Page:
Principles for Successful Projects
Or what we talk about when we talk about project leadership.
Do the right thing.
Always serve the best interests of the project, the client, and the team. Do what you know to be right, even when it is hard. Often times that means acknowledging and confronting difficult truths, and finding thoughtful and sensitive ways to discuss those issues with people who will be displeased. Doing the right thing requires a lot of courage, but pays off in winning the respect and trust of clients and colleagues.
Always deliver value.
Focus on delivering value to the client. Ask yourself daily (hourly if need be) what can I do that will be most valuable to the client and/or project? Ask yourself if the thing you are working on, or about to work on, is the most valuable thing you can be doing, and if not, what would be more valuable, and why aren’t you working on that?
Do what is needed.
Don’t let your job title or description limit what you contribute to a project. Do the things that are needed which you are capable of doing. Be sure to communicate with your team about what you plan to take on, and be willing to negotiate with them about sharing responsibilities.
Use your words.
Communicate with your colleagues, teammates, and clients by talking to them. Simple, direct conversations eliminate vast amounts of confusion, misunderstanding, and misalignment.
Communicate meaningfully and often.
Don’t just go through the motions of communication. Talk about what is relevant and important to discuss. It may be that you have a lot less to say (which is fine), so long as what you talk about is what really matters. Do this at every opportunity you have to talk with your team and client.
Communicate until understood.
Active communication, like active listening, means checking that the person you are communicating with actually understands what you mean and how to act on that information. Don’t simply “throw it over the wall” and hope it is received.
Explain the consequences.
Non-technically-oriented (and even some technically-oriented) people will not understand the consequences of how work to be done (or redone) affects things like schedule and budget. Explain what things mean in terms your audience will understand and grasp their impact.
Understand the needs versus the requests.
Don’t assume that how clients express what they want is the same thing as what is actually needed in the project. Dig in until you understand the need and not simply the ask. Don’t assume the solution they request is the best for solving the problem they have — they may not have insight into all possible solutions. Understand the problem they intend to solve with the solution they are requesting, and offer advice on their options for solving it.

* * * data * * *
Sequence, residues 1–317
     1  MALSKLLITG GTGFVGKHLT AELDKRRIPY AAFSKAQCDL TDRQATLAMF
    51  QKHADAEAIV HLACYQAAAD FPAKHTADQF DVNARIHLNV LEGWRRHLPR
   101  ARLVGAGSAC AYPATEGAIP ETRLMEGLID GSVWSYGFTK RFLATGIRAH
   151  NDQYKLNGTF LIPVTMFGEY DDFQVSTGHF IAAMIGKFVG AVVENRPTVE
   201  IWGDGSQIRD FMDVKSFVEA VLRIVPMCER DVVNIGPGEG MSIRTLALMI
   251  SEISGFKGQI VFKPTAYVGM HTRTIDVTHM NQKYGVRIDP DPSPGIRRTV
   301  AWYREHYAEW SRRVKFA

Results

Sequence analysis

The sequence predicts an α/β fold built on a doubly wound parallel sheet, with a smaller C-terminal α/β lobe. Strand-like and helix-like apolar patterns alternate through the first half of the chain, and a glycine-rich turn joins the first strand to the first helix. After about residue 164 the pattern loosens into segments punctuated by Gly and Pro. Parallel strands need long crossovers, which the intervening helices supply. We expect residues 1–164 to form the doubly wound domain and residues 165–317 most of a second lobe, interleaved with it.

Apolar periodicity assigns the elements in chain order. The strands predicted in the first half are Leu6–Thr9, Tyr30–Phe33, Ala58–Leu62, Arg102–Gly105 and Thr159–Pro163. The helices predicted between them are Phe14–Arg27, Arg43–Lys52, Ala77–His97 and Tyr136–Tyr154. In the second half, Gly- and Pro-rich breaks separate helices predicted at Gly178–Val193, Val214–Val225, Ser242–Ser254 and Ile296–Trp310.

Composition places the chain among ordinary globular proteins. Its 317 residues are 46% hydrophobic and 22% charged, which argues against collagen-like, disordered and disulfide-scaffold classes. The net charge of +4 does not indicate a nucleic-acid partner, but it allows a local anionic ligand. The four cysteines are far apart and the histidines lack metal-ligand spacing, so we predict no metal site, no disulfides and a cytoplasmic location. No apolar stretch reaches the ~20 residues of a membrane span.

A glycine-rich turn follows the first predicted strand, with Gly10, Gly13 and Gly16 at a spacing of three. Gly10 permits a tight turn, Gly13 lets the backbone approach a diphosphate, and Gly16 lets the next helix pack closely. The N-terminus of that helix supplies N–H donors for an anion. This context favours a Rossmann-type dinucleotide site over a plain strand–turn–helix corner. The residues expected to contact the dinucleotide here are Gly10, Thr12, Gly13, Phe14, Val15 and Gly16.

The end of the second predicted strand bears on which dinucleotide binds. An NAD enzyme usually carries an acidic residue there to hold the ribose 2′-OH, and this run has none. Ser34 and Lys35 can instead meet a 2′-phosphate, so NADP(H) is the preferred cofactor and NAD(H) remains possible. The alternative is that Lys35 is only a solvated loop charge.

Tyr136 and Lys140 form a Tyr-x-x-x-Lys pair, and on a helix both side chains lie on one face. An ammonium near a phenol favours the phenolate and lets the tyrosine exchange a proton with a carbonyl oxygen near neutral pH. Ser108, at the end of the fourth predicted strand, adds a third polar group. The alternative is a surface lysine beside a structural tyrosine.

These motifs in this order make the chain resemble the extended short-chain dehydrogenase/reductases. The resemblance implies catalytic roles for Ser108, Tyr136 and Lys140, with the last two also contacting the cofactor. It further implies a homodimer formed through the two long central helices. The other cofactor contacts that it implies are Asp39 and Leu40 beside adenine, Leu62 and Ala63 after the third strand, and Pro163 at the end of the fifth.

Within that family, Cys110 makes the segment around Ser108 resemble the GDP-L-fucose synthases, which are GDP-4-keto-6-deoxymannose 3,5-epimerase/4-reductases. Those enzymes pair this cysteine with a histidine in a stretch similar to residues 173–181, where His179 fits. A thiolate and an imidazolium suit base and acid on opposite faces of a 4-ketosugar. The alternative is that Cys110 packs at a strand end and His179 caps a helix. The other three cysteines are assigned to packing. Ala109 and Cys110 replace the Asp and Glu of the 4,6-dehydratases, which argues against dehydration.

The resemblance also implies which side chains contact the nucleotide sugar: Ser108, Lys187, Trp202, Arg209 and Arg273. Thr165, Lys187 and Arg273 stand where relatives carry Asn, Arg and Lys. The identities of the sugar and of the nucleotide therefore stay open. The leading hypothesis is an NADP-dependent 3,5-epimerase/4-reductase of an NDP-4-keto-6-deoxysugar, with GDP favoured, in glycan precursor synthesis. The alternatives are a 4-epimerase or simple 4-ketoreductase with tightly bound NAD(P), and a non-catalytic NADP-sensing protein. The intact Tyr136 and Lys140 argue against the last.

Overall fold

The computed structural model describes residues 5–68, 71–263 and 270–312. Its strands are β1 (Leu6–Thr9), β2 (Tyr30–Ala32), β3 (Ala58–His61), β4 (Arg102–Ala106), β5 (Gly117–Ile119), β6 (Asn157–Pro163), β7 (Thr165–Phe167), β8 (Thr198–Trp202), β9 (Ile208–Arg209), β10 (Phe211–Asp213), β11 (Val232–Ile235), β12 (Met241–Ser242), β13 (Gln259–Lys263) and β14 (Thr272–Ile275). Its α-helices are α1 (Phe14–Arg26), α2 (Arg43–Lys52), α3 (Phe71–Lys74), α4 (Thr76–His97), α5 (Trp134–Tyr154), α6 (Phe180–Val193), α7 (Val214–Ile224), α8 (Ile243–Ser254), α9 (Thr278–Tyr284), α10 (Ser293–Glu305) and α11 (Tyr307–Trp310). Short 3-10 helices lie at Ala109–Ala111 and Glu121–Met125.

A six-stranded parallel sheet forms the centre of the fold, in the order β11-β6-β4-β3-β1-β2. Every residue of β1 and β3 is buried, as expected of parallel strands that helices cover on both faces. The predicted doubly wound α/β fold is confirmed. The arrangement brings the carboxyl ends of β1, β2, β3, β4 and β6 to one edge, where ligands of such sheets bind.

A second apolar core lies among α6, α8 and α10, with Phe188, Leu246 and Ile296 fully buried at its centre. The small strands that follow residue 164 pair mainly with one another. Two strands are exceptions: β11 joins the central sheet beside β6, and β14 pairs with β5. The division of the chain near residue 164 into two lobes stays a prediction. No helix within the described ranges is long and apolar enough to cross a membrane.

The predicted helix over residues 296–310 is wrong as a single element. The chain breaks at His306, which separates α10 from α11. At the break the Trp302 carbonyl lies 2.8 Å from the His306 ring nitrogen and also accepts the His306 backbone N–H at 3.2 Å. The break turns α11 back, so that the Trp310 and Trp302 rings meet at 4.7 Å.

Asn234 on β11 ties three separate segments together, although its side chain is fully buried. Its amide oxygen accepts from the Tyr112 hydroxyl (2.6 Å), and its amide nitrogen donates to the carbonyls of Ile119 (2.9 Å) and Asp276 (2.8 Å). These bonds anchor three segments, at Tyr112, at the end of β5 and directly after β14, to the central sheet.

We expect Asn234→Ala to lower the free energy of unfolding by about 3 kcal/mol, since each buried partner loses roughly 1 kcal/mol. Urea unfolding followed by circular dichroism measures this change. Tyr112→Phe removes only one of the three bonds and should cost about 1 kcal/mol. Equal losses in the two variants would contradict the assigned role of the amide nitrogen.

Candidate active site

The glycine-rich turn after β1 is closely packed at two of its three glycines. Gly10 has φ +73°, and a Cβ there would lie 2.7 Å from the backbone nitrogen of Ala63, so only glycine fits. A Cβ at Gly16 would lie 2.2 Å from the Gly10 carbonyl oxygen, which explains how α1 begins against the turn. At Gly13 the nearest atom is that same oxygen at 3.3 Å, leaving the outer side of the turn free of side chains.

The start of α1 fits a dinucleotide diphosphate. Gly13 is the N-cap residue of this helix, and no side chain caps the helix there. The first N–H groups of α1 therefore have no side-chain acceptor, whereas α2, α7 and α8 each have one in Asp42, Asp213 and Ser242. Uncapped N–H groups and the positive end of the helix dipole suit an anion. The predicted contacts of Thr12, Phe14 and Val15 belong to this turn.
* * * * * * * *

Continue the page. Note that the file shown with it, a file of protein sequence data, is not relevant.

Have honest conversations.
Honest conversations mean not avoiding uncomfortable or difficult topics. There are good reasons for everything — unpack the circumstances and explain it honestly and directly. Don’t be afraid to say precisely what you mean.
Be accountable for project success.
Be a leader in the project whether you have been assigned a leadership role or not. Lead by example by taking real ownership of your work and by stepping up to help guide others where you have a particular skill, experience, or knowledge. Speak up when you see something that isn’t right. Permit yourself calculated risks and failure. Give yourself permission to take calculated risks and to fail. The best way to implement change is directly in your projects, the place where you actually work and focus your energy. This takes project leaders who have the courage to take calculated risks, break process where needed, try new things, experiment, and innovate. Sometimes that means you are defining the process each time out, sometimes you are redefining in the middle of the project, but really you are redefining it better each time out rather than reproducing mediocre results (or worse, reproducing the same failures).
Allow others to take responsibility.
Don’t micromanage others — allow them to be responsible for their work. This means allowing them to make mistakes and fail. Help them learn from the mistakes, own them, and make fewer (or better) mistakes in the future. Micro-managing makes everyone rely solely on the micro-manager, and leaves no incentive to take ownership of their work.
You build trust within and beyond your team and project by delivering on the things you say you will do. Words are cheap, only results matter. It’s not enough to say, “We should make this change because it will really help,” if there’s no action to produce the resulting change. People lose faith and trust when you don’t act on ideas you suggest.
Exercise your empathy.
Be aware of the circumstances others are facing and act appropriately. Think about things from their point of view — try to understand what they are facing and how that may be shaping their behavior. Appreciate that we are all human beings with strengths and weaknesses, and no one is trying to be difficult on purpose. It takes effort and hard work to stay mindful of this and show empathy to others.